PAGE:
The Key to Starting a Project Off Right
Jillian Kuhn, Former Viget
You've put together the proposal, made the pitch, and sold the project. Great! Now, it's time for the kick-off meeting.
Kick-off meetings can be intimidating. In some cases, it's the first time you'll meet the client, and it's always a key moment in determining the course and tone of the project. A great kick-off can lead to smooth sailing, while a not-so-great one can initiate months of misery. Make sure you don't go into this meeting unprepared.
Here at Viget, to prepare for kick-off, we start each project with an internal kick-off meeting. That's right; we kick off our kick-offs. A few days before the real, client-facing meeting, we gather the whole internal team together to get everyone on the same page.
This is crucial. Going into a kick-off with an informed team and a deliberate plan helps you get the most out of your discussion -- learning as much as possible and making important project decisions without wasting valuable hours, money, and face-to-face client time. In my experience, project kick-offs without internal preparation often feel disjointed. There is no clear team vision or cohesion, and the kick-off becomes more about about educating the internal team than about laying the foundation for a successful project and relationship.
My internal kick-off agendas typically include:
- Information on the internal team. We'll be spending the next several weeks or months working together, so we set expectations early about who is on the team and each individual's role. We also discuss internal communications methods, like which systems we'll use to share deliverables or outline details of specific tasks or tickets.
- A basic introduction to the client and the project. We review the history of our relationship with this client, the client's main stakeholders, and the "10,000-foot" overview of the project -- including high-level goals and motivation. I also provide links to any relevant documents or research: contracts, notes from the sales process, analytics, client-provided documents, etc.
- Scope details. Although the PM will largely be the only one concerned with money, schedule, and contractual obligations throughout the project, it certainly helps if the whole team is aware of the constraints from day one. We discuss the budget, timeline, process, and deliverables. Everyone knows what is expected of them -- both individually and as a team. This also gives us a great opportunity to discuss anything we might want to change about the project process or any new approach we might want to try.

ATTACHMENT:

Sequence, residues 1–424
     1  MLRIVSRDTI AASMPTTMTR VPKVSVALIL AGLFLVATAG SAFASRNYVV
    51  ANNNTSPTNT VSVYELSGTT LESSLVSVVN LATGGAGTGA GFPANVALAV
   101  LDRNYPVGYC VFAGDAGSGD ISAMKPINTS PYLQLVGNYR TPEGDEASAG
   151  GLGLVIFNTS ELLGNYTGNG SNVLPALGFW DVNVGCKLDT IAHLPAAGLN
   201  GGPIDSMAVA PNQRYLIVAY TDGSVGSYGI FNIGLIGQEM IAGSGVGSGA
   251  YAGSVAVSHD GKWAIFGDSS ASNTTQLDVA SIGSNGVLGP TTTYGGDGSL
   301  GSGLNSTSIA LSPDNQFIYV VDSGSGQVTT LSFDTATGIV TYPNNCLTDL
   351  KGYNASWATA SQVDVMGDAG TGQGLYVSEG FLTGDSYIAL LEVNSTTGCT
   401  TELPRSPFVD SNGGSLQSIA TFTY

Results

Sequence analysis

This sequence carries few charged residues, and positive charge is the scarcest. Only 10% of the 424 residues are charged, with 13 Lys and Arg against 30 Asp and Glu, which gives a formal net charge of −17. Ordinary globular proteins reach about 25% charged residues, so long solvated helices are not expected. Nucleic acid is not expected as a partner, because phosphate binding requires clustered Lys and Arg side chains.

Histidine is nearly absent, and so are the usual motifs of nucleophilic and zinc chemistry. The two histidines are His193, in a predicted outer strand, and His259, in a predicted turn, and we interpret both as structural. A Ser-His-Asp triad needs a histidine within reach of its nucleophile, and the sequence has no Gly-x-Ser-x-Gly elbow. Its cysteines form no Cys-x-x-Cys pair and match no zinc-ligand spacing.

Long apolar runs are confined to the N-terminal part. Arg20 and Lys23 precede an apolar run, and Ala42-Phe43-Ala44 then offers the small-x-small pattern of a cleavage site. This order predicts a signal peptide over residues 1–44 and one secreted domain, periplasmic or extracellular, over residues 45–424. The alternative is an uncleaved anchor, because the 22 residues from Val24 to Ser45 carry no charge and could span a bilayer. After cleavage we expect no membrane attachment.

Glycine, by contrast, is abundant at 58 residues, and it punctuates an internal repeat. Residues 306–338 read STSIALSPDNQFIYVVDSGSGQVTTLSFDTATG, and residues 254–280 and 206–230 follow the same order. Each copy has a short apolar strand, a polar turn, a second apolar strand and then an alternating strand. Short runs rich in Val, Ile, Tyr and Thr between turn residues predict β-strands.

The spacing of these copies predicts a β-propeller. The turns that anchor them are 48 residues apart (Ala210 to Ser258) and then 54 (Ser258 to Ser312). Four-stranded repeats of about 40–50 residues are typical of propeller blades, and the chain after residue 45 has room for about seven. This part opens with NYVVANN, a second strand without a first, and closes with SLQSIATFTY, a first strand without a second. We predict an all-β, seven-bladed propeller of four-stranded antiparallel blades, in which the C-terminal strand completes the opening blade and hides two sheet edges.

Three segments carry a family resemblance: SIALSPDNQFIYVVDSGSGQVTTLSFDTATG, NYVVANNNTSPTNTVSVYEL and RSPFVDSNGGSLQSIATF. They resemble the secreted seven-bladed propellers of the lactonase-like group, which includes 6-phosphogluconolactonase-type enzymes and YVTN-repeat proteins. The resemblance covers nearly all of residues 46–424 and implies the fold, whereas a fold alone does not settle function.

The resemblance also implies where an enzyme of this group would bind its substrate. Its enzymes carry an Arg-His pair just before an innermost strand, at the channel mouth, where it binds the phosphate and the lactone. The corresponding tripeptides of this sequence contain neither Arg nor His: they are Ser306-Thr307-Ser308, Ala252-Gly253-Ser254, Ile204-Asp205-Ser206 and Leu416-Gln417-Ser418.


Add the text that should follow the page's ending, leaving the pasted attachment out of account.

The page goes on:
- A discussion of next steps. Now that we're familiar with the nitty-gritty, we decide how to actually kick off the project. We not only figure out the logistics of the kick-off meeting -- like meeting location, transportation, dress code, and technological requirements -- but we also start to set the agenda. While many kick-off agendas cover the same basic topics, we deviate from the standard and customize our discussions for each project. We make sure to touch on any red flags or important questions that came up during our internal discussions, and we suggest any exercises or "games" we want to run with the client.
After the internal kick-off, there is still more preparation to be done. The team does research, reviews project documents and analytics, and prepares any visuals, slideshows, data, or exercises needed for the kick-off meeting. We also ask our clients to fill out an introductory survey about their business, users, goals, and preferences -- so we review those responses, too.
Meanwhile, the project manager uses the internal kick-off conversation as a guide to create the kick-off agenda. The whole team will review and approve the agenda before it gets finalized and sent to the client. Also, here's a nifty PM trick: create two versions of the kick-off agenda. The client-facing version is the "official" version, and the internal version includes additional questions, notes, and info on who will be leading each point of discussion.
I'm sure every project manager starts his projects differently. Even Viget PMs have their subtle differences! How do you start your projects? Do you kick off your kick-offs, and what do you discuss?